I can remember feeling anxious as early as 6 years old. When I was six, my twin brothers were born and I switched schools. Even then, I thrived on routine and on consistency, and so I struggled. For my whole life, I’ve internalized news headlines and stories. I would lie awake in bed at night, hyperventilating, scared and making plans in my head for just in case my house burnt down, or a burglar came in, or if I would get kidnapped. It didn’t matter that I came from a middle-class family with two loving parents and pets galore. It didn’t matter what I or anyone else had in my life. I never felt safe.

As the years went on, my family had its struggles. My parents decided to separate, and in his mid-forties, when I was eleven, my dad got diagnosed with dementia. Desperately needing the support of my grandparents, my family moved very abruptly from Montreal, Quebec, to Bridgewater, Nova Scotia.

In this small town where the majority of children had known each other since their daycare days, it felt like there was no room for a fat little nerdy girl, who would much rather play video games than go shopping. I turned to food for comfort.

My mom remembers coming into my bedroom and finding food wrappers all over the place, my room a mess, and me asleep. I was angry at my father, who could not help his disease, and frustrated with my mother, who had taken me away from my hometown. I was twelve years old, and in a deep depression. I was lost to the point of contemplating suicide. I still feel upset now when I think back to the dark place I was in. My saving grace was that all in all, I knew I was loved.

After the eighth grade, I lost about forty pounds. I was starting to form close bonds with my new Nova Scotian friends, and I was feeling more confident. There were many ups and downs, but had really had a couple of good years in the ninth and tenth grade. That was, until my father suddenly died of a stroke in May of 2009, at age 50. It seemed so unfair to me that I was finally making peace with and forming a strong relationship with my father, when he was taken from me so suddenly. That summer, I fell into another depression.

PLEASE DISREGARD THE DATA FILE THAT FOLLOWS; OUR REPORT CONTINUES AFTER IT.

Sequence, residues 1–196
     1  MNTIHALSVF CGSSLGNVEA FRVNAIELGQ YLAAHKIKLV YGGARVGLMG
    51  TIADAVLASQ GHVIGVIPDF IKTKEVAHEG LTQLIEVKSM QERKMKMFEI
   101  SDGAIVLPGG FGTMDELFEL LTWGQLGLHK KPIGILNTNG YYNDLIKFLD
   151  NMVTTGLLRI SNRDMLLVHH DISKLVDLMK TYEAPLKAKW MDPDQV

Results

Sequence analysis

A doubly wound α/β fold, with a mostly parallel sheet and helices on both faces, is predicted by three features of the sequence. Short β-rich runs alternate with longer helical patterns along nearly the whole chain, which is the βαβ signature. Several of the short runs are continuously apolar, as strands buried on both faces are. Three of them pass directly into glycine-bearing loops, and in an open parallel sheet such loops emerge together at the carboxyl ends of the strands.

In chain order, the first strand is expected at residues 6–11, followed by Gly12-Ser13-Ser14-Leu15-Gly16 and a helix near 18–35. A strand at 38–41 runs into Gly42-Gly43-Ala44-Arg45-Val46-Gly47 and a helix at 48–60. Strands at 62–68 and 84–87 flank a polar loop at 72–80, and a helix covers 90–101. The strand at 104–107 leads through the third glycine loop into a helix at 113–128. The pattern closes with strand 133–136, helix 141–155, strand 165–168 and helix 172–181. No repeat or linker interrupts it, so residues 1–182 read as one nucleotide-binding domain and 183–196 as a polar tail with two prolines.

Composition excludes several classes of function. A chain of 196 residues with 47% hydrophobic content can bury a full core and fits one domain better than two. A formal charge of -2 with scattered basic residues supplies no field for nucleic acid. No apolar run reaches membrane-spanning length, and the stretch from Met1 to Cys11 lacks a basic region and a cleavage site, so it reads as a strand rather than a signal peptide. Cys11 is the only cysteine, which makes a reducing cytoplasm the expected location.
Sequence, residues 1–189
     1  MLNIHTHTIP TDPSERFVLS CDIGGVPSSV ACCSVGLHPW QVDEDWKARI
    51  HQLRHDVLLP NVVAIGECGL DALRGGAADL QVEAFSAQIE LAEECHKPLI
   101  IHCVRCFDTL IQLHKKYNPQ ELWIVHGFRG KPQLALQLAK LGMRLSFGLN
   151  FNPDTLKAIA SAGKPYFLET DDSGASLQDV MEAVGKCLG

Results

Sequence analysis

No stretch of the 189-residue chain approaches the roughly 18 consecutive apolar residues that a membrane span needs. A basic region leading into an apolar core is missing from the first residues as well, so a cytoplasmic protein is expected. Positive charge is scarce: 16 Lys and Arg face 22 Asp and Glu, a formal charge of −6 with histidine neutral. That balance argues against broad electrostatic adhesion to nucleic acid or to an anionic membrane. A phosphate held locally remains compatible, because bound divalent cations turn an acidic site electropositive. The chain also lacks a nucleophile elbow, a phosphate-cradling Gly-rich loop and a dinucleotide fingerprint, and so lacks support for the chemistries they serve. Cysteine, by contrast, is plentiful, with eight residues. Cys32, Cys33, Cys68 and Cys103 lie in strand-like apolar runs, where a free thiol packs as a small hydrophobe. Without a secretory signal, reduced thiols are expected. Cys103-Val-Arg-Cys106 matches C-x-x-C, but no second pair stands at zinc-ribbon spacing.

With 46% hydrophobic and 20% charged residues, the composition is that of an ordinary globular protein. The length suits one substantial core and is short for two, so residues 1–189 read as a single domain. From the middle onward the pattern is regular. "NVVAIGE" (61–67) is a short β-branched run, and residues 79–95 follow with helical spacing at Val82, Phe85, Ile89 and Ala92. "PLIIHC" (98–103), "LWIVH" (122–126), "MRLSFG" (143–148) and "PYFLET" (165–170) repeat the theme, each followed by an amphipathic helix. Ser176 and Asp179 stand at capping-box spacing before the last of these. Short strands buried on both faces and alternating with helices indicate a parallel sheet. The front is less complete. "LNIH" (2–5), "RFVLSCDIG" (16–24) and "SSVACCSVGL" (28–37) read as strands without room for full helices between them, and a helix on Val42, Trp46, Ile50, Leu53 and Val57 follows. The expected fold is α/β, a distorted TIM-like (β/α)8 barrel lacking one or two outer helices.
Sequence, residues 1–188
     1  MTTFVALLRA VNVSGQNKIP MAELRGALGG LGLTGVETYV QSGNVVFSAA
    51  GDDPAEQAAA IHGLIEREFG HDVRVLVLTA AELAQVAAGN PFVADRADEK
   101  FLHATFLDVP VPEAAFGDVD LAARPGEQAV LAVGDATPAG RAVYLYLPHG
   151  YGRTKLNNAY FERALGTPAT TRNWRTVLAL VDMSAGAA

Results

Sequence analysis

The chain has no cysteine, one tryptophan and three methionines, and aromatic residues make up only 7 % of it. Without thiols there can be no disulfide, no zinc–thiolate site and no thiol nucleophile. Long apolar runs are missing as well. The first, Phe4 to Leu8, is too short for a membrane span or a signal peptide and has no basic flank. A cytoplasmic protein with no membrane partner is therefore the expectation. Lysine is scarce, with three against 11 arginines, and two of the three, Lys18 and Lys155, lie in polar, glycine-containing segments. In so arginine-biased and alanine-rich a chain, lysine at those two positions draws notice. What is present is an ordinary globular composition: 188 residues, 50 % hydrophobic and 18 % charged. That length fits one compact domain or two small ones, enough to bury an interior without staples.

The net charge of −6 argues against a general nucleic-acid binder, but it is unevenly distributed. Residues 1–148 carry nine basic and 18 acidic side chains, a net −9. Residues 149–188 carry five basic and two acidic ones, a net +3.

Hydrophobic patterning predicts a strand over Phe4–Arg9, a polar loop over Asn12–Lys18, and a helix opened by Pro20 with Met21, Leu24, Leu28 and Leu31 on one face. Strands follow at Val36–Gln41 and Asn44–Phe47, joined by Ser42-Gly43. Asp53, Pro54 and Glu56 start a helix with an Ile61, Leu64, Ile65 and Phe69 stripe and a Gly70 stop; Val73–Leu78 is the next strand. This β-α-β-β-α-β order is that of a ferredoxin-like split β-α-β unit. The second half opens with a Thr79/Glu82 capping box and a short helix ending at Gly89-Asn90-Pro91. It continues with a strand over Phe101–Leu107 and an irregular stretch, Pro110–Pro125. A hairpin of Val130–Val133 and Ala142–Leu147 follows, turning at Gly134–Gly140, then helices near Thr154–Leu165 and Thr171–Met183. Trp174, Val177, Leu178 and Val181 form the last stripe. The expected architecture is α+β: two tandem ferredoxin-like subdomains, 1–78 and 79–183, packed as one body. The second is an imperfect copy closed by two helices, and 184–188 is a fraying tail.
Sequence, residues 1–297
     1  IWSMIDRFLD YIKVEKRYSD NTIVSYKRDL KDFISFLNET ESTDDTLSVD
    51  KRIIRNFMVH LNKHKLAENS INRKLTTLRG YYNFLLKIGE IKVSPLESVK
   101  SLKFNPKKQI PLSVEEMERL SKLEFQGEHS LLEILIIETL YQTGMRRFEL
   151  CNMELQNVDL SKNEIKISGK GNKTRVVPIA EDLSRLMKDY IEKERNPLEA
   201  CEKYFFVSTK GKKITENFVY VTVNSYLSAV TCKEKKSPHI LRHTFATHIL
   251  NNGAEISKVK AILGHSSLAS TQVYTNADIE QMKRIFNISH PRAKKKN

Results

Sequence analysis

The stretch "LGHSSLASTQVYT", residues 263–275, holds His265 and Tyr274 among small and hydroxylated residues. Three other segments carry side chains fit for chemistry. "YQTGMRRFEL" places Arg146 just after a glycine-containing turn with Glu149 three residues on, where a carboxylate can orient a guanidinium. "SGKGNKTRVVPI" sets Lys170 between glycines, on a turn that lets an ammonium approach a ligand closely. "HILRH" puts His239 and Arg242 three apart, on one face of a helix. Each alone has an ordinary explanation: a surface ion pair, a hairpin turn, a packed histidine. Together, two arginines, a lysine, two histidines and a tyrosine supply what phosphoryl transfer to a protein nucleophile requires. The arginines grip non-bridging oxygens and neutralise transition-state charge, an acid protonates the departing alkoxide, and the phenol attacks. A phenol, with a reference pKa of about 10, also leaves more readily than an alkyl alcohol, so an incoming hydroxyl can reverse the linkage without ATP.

The way my childhood and teen years went taught me to blame my struggles with my mental health exclusively on situational factors. However, in my second year of university, some very observant and caring friends pushed me to acknowledge that my success academically and my involvement in the residence community didn’t match up with the view I had of myself. I would, and still do sometimes, self-sabotage, by not completing assignments, and by shirking responsibility. My self-destruction gave me a sense of control. I will forever be thankful for my wonderful friends and residence proctors, who encouraged me to seek help at UNB’s counseling services. They reassured me that I was not alone.

Now, I am a residence proctor, a councillor on the Student Union, a columnist for the Brunswickan, and an almost Dean’s List student. I am in my fourth year of a Bachelor of Arts in French and Psychology, but I will not graduate this year. Part of learning to live with my anxiety and depression is learning that I don’t have to prove myself to anyone, and that slowing down is okay. Besides, why would I leave the place that has given me so much love, comfort, and independence over the years? Every day, I am still learning about myself and my mental health, but my budding patience, my loving friends and family, and our world’s progress in ridding the stigma associated with mental illness, are just some of the things that propel me to power through my rough days. These things have given me the strength to be a part of this incredible campaign.


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